Week of May 5, 2008
Contact: Sarah Wally, (202) 328-7744
Do Sweeteners Help or Hurt Weight Control?
Karen Collins, MS, RD, CDN
American Institute for Cancer Research
Grabbing a diet soda may seem like a smart choice for the calorie-conscious consumer. But a new study suggests that products containing artificial sweeteners have the potential to actually promote weight gain.
A recent Purdue University study suggests that artificial sweeteners (like the kinds found in diet sodas) might lead to biological or behavioral changes that make weight control more difficult, instead of easier. Putting this study within the context of overall research, however, we have little reason to believe that calorie-free sweeteners cause weight gain. How much they actually help weight loss may vary depending on how people use them.
Also important to note, the aforementioned study did not involve people; it was a laboratory study involving 17 rats. In the five-week long experiment, rats given yogurt sweetened with zero-calorie saccharin consumed more total calories (and gained more body fat) compared to rats that ate sugar-sweetened yogurt.
The psychologists who performed the study theorize that when our body tastes sweetness it prepares itself for a calorie load. If sweetness comes without calories – as is the case with artificial sweeteners – we keep on eating or reduce our calorie-burning metabolic activity.
For now, however, these theories are little more than speculation. And many researchers are quick to point out that a small, brief study involving rats cannot be used to form conclusions about humans.
True, there has been other research to support the hypothesis that artificial sweeteners thwart weight control efforts. But these findings are the result of observational studies that show that artificial sweetener use is more common in overweight than normal weight people. These types of studies can show us associations between people and behaviors, but they cannot prove that sweetener use causes overweight. In fact, it is highly likely that people who are overweight or are gaining weight might be more likely to choose diet soda and other foods with artificial sweeteners in an effort to control their weight.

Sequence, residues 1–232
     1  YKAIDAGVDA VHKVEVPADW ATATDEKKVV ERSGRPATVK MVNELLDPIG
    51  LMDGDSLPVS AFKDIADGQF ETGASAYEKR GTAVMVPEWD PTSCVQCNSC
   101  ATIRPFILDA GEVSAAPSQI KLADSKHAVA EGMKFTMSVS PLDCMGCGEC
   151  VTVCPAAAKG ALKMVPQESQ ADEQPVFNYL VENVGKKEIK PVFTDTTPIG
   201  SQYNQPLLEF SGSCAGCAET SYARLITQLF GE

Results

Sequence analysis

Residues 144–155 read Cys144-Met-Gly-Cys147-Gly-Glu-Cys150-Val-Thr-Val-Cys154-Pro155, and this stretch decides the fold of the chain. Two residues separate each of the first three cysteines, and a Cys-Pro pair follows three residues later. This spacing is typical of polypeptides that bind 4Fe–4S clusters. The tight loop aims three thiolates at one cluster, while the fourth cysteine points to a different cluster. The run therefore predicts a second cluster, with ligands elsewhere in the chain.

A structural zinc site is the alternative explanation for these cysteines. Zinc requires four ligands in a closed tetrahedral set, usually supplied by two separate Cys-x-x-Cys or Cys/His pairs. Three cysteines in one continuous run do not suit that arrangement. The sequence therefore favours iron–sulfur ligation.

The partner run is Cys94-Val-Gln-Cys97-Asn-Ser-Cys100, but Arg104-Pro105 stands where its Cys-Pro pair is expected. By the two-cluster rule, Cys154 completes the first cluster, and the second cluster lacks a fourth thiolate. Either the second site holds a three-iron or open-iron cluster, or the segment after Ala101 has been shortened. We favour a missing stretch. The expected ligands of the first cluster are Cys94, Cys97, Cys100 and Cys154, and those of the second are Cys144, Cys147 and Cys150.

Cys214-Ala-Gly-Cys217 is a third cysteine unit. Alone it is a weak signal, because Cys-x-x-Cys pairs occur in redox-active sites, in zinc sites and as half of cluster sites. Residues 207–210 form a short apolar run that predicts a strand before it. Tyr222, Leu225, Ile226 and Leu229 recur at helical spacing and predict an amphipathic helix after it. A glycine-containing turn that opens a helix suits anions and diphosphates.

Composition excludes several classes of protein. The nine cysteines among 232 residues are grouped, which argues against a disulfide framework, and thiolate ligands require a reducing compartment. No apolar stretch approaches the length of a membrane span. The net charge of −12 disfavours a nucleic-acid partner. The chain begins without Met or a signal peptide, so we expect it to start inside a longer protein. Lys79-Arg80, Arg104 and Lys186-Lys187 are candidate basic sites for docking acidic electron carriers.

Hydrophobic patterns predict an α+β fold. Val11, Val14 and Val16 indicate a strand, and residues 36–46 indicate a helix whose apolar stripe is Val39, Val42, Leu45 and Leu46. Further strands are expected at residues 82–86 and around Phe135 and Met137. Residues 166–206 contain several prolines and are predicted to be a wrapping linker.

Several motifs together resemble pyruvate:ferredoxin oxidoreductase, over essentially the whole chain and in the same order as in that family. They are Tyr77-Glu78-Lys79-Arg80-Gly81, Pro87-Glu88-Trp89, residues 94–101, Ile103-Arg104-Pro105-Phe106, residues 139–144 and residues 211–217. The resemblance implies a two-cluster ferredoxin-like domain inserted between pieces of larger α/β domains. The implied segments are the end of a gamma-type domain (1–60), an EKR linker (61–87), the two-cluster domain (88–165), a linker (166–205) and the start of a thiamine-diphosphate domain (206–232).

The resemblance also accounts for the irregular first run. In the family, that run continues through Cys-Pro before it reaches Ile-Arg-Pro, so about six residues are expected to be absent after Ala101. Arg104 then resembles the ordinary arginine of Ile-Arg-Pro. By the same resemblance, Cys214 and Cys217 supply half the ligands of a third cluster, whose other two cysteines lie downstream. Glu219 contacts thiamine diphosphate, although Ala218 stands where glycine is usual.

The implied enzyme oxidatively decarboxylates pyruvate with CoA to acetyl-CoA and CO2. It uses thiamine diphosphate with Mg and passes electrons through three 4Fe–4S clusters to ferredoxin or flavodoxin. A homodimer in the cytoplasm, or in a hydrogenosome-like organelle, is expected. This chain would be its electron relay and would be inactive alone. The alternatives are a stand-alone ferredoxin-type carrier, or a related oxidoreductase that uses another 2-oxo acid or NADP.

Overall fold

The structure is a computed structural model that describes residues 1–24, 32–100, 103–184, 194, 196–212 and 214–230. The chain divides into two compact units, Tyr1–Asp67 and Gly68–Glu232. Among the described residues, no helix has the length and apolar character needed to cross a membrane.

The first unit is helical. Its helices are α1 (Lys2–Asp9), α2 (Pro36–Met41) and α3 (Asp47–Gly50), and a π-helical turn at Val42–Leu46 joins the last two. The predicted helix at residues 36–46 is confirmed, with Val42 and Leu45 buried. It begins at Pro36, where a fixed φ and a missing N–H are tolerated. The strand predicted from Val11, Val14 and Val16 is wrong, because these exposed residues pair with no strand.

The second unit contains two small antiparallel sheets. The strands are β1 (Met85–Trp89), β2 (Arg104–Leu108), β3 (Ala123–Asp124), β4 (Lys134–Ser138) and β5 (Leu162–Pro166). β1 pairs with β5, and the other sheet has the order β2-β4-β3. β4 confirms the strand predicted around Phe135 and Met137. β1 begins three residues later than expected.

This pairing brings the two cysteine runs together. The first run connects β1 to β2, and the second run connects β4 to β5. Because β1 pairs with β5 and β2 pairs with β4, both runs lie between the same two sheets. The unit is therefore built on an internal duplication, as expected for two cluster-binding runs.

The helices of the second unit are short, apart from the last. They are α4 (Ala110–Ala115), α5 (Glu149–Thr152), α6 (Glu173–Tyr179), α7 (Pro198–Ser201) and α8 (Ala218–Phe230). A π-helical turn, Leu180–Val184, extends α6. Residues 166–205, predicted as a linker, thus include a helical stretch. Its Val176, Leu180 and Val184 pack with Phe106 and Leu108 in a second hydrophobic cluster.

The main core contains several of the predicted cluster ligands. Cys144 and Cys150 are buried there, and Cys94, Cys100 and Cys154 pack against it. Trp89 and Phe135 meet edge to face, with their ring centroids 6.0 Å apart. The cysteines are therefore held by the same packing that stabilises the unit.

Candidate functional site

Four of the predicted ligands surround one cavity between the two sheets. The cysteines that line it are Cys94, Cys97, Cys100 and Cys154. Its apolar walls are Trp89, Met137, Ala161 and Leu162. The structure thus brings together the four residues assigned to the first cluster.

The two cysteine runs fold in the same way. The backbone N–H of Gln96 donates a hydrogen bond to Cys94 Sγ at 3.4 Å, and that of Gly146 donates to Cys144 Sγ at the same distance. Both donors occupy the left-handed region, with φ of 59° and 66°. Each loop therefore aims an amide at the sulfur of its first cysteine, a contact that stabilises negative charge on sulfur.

Other studies refute the concerns about sweeteners. In a 10-week study of overweight men and women, subjects who were given a sugar-containing supplement increased their calorie consumption and gained body weight and fat, while those given a supplement with a low-calorie sweetener showed a small decrease in sugar consumption, body weight and body fat.
One of the few longer-term studies to examine this hypothesis involved obese women in a weight control program. Some women were asked to consume and some to avoid artificially sweetened foods and drinks during a 19-week weight loss program and throughout a 2.5-year follow-up period. Initial weight loss was similar, but the artificial sweetener group showed better weight maintenance during follow-up.
For now, studies provide little reason to fear that non-calorie sweeteners increase appetite or cause weight gain. Eating foods or beverages that contain artificial sweeteners can help your weight control efforts, but only if you use them wisely (for example, substituting them for higher-calorie foods to decrease overall calorie consumption). However, if using these sweeteners becomes an excuse to indulge in other high-calorie foods or to skip the physical activity that is so important to health and weight control, you will probably see no benefit.
Of course, “diet” drinks and foods are not essential. You could just as easily cut calories by swapping your soda for water, coffee or tea rather than a diet variety. Alternatively, you might put the focus on optimizing your nutrients and skip the zero-calorie snack foods altogether for a low-calorie piece of fruit with beneficial vitamins, minerals, fiber and phytochemicals.
The American Institute for Cancer Research (AICR) is the cancer charity that fosters research on the relationship of nutrition, physical activity and weight management to cancer risk, interprets the scientific literature and educates the public about the results. It has contributed more than $96 million for innovative research conducted at universities, hospitals and research centers across the country. AICR has published two landmark reports that interpret the accumulated research in the field, and is committed to a process of continuous review. AICR also provides a wide range of educational programs to help millions of Americans learn to make dietary changes for lower cancer risk. Its award-winning New American Plate program is presented in brochures, seminars and on its website, www.aicr.org. AICR is a member of the World Cancer Research Fund International.All active news articles